Tuesday, June 12, 2018

How Smart Leaders Sabotage Their Own Time Management


Being good at time management has very little to do with intelligence. In fact, some of the sharpest leaders I know really struggle to use their time effectively. In many cases, they get into their own heads, overthinking things rather than developing the simple yet effective habits that good time management requires.

Let me show you what I mean. Here are just a few examples of how even the shrewdest leaders can sabotage their own time management efforts.

Where Time Management Goes Off the Rails


They master the art of procrastination. Maybe this sounds familiar to you: You have a big project due, and map out how you can get it all finished in the days to come—spending some time on it tomorrow, a little more time the following day, wrapping it all up the night before it’s due. But this leaves you doing nothing today, and as complications inevitably arise, you find yourself in a panic. Don’t let yourself become too skilled at putting things off for tomorrow!

They don’t have healthy morning routines. Think you’re smart for rolling into work at the crack of dawn to get things accomplished? Well, that’s not necessarily the case—certainly not if you’re skipping breakfast, exercise, and a little quiet time to ground yourself for the new day’s challenges.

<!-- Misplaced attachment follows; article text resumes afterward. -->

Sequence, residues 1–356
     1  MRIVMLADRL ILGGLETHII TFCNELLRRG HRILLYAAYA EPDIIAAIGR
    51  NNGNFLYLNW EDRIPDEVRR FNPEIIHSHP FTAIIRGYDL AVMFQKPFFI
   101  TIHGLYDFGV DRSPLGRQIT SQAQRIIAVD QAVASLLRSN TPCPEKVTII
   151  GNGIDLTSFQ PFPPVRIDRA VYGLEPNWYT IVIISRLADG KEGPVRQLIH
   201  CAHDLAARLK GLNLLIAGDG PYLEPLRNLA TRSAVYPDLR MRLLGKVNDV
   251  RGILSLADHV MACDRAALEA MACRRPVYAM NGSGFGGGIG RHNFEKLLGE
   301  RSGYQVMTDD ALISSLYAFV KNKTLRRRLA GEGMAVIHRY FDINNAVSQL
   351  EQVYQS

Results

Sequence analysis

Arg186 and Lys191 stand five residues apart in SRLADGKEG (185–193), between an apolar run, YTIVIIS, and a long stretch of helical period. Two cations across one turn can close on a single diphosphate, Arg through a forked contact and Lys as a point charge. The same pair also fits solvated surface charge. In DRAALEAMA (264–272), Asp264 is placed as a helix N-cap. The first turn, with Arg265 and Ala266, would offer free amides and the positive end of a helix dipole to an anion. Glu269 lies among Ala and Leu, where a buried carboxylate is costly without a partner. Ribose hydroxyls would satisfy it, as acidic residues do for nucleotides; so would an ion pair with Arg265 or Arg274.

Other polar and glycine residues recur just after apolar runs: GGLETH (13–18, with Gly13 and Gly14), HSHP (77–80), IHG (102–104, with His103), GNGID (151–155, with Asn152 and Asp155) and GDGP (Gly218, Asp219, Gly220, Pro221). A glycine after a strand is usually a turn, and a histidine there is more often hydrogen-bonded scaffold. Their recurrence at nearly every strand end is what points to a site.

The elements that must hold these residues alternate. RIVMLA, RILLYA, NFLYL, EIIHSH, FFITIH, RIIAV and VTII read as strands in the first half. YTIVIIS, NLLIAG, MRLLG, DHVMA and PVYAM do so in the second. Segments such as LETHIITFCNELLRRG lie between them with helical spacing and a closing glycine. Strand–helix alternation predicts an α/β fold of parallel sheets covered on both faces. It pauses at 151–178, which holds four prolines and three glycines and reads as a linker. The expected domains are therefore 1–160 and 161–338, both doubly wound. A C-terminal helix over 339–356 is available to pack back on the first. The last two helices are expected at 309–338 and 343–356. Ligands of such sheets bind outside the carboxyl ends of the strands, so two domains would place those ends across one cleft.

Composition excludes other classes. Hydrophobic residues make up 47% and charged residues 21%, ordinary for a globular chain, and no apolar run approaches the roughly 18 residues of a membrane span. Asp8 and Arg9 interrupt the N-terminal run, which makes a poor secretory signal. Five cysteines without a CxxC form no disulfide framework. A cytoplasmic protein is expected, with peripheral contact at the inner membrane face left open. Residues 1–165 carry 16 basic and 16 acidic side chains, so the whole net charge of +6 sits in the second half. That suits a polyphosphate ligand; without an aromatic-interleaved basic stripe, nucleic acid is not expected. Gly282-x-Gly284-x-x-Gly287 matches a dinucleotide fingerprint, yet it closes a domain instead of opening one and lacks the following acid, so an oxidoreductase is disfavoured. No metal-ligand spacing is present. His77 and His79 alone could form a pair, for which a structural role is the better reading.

They don’t schedule time for themselves. Sometimes good time management means scheduling everything—including time for you. If your calendar doesn’t block off time to go to the gym or eat dinner with your family, it may not be as complete or as well-balanced as you’d like to think.


They think they can multitask. You can’t do it. Nobody can. Studies confirm again and again: Your brain can’t handle multiple things at once; all it does is switch between tasks in a way that leaves you weary and your work sloppy.

They rush. When you’re really smart and really good at your job, it can be tempting to rush through things without taking time to think things through or check your quality—and this results in errors you have to fix. In other words, it actually costs you more time in the long run.

These are just some of the ways in which smart leaders can mess up their own time management.

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Source: https://www.business2community.com/
Image Source: FunkyFocus / Pixabay



Theresa Todman, Managing Partner/CEO of B&M Financial Management Services, LLC . Theresa works with small business owners and entrepreneurs to assist them with financial management and creating organized systems and procedures. She specializes in bookkeeping, accounting, QuickBooks solutions, small business tax issues and consulting.

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